In my opinion Mr H is the only member of the classic Genesis 5 piece line-up to emerge with both his integrity and artistic mojo well intact. Sonically he's the master of dynamism, "Fire on the Moon" being a classic example of a sly beginning betraying the big forces never far up his sleeve. The album's lyrics give us, whether we want it or not, an insight into his relationship with Kim Poor, and quite honestly I find that side of it all a bit doleful and perhaps a bit too personal. "Emerald and Ash" with its sonic insinuations as well as lyrical ones makes you feel you've lived some of their personal history a bit too vicariously. I can't be alone in wishing them both well, but I feel like the mutual friend stranded between loyalties in someone else's divorce and that always makes me feel awkward. All that aside, Steve remains an unsung hero, deserving of far greater success with an enviable work ethic for which he should be rewarded suitably. "Out of the Tunnel's Mouth" shows just how much he can still knock out new fusions and make musical connections with singular originality. Whether it's better or worse than previous releases is a bit of fatuous chin-stroking; Steve's always worth a punt of your shekels and this one is no different. Buy, play, enjoy, empathise and wish you too could play the guitar this well!!!!
on 1 August 2010
For me this was one of those CDs that cliked after many listens and I now can't get the songs out of my head! If you want to listen to music as a background then this is not it; if you want to have the music paint pictures for you then this IS it!
Historically I have most of Steve's work but still go back to "Spectral Mornings", however this CD changed all that. It has taken time to explore the music here and understand it, and now it's one of the first albumns that I will put on at the start of a listening session or when out and about with the ipod.
Words that spring to mind - atmospheric, dramatic, surprising and excellent musicianship. The recording is variable between tracks - "Fire on the Moon" goes from simple to overblown at times, but tracks such as "Nomads" are better.
Buy it and take your time - you won't be disappointed.
on 1 March 2013
Have Seen Mr Hackett Quite a few times also with Genesis This is One of the best album i have Heard
for Years it is mysterious thought provoking, and has a feel of Russian in it and the music and the guitar playing is superb-----if i could give this 10 out of 10 i would this is a must buy for Lovers of Music and Hackett and Genesis Fans Alike : )
on 12 December 2010
Echoing some of the other reviews, when I first listened to this CD, I was unsure on several counts. Firstly, the absence of a credited drummer - I can only guess that the drums are computerised. Steve, why didn't you get Gary O'Toole to play drums on this? Secondly, although Chris Squire and Anthony Phillips are there, they for the most part are low in the mix, and therefore how they have been recordred and mixed does not do them justice. That aside, most of the songs grew on me, apart from one (more of later). There is the usual eclectic mix of musical styles any Hackett fan should come to expect, which I appreciate is not to everyone's taste.Favourites include Nomads, Sleepers, Ghost in the Glass, Emerald and Ash and Tube Head - all these songs are multilayered, and have different musical styles from flamenco, classical, minimalist, experimental to outright rock. Fire on the Moon is a big sounding song but not as good as soe have made it out to be (much better live though, as Hackett always is, in my honest opinion). Last Train to Istanbul sounds like 2 different songs have been cut and pasted together - it took a number of listens to get into this song, and it is a good album closer, but does not stand out to me. Still waters is the one song that could have been left off the album (and out of the live setlist, having seen Steve do this last and this year) - I like the blues, and I am not a purist by any means, but this does sound like a bad pub rock number, with vocals that do not fit the song. I'm sorry if this does sound harsh, but this is the one song I skip, and this could have been replaced by something much more imaginative from Steve, hence the 4 star review. My last gripe is that I bought this in 2009, on the Wolfwork label at one of Steve's gig's, and was a bit miffed to see this re-released with extra tracks a few months later cheaper! I do recomend this album to Hackett fans, but would not say this is a good place to start with his solo work - Spectral Mornings and Voyage of the Acolyte are the ones to start with I think. Enjoy!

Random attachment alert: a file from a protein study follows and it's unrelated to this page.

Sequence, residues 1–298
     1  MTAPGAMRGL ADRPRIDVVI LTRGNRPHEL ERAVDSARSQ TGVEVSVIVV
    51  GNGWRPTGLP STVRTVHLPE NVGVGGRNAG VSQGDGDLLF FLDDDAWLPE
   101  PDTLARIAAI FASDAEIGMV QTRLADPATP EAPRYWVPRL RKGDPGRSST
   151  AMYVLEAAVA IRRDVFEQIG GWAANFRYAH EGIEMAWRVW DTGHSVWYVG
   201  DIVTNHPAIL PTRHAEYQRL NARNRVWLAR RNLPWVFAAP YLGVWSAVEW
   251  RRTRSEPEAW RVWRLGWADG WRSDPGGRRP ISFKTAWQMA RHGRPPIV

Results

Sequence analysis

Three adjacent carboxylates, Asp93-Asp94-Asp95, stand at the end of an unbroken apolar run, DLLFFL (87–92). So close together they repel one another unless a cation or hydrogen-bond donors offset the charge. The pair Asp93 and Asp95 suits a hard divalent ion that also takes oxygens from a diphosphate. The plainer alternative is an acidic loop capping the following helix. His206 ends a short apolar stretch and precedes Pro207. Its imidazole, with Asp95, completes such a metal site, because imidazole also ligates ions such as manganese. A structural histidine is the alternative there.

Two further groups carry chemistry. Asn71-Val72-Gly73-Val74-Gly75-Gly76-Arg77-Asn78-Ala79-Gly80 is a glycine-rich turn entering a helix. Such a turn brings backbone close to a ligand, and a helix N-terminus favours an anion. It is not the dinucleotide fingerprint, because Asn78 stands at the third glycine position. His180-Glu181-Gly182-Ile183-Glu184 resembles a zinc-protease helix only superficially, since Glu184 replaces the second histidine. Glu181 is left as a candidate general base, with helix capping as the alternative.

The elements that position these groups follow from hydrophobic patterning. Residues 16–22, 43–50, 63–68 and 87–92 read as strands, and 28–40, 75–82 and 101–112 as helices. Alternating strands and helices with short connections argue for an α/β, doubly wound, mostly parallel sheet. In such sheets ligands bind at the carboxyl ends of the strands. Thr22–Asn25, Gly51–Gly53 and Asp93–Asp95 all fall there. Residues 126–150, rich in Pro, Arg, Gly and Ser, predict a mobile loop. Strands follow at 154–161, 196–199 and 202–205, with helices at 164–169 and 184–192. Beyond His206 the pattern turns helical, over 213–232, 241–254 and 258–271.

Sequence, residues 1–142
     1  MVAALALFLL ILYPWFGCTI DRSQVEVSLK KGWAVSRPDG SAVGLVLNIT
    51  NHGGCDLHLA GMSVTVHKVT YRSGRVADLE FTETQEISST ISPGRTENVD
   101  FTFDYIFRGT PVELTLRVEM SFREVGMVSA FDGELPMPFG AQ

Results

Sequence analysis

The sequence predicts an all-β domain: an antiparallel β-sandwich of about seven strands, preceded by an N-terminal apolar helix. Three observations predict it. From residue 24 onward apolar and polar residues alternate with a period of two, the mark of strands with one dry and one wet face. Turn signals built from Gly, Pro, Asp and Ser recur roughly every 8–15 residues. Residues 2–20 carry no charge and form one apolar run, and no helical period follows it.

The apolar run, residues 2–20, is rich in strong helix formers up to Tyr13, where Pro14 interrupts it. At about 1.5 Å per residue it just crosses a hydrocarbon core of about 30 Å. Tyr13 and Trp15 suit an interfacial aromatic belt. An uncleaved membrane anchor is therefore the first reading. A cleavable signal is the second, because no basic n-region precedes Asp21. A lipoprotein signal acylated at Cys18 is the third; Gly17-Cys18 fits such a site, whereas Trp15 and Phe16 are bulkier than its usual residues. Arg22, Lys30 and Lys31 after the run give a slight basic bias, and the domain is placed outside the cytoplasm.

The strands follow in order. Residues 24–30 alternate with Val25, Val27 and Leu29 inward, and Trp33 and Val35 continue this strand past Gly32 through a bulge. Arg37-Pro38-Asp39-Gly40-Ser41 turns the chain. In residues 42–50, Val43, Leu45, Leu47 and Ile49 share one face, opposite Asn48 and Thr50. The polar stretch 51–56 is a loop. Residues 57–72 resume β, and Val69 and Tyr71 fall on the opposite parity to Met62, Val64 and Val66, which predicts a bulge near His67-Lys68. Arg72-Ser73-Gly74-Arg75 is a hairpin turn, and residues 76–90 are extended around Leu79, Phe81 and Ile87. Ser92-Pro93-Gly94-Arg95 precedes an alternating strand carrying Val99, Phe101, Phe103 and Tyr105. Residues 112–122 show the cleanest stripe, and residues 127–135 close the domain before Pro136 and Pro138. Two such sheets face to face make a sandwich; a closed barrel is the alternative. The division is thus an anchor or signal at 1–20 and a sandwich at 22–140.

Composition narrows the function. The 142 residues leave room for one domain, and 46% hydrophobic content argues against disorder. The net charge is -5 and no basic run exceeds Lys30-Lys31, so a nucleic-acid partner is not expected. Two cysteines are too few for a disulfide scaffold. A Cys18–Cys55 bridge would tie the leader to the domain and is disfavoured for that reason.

on 19 April 2010
I know of no other contemporary musician and song-writer who can embrace so many different styles - rock, blues, world and jazz - and claim them all as his own. Steve Hackett has simply got better and better in the 30 years of his solo career and must be one of the most under-rated people on the contemporary musical scene.
Songs are intelligent and well-crafted, Steve's guitar playing always seeks to expand the horizons of both electric and acoustic and his voice has become stronger. Lyrically, this album reflects his experiences in personal and business lives, but without ever descending into mawkish sentimentality.
He has always had the inate ability to surround himself with top-drawer musicians, none more so than Roger King, keyboard player and sound engineer extraordinaire. All make worthy contributions to this album. It has the added bonus of the live CD; Mr Hackett and co., are great in the studio, but even better live, so there is much to enjoy in this 2 CD set.
In short, I can recommend this without reservation. Buy this and then work backwards through Steve's distinguished discography; "Wild Orchids" is another "must buy", then move on to "To Watch The Storms". Order this new CD now; delay will only deprive you of an intensely enjoyable listening experience!!!
on 9 May 2013
This is more a work of great quality of this musician who does not canca to produce good albums. A CD which has beautiful songs and well diversified beyond the bonus recording with very good hits live. There is nothing to lose. The repertoire is very good and needs no comment, showing style, finesse and high sensitivity that are characteristic for Steve Hackett. Time passes and the work still very good. It's great for the fans and for those who like good music. Excellent! Note 9.0.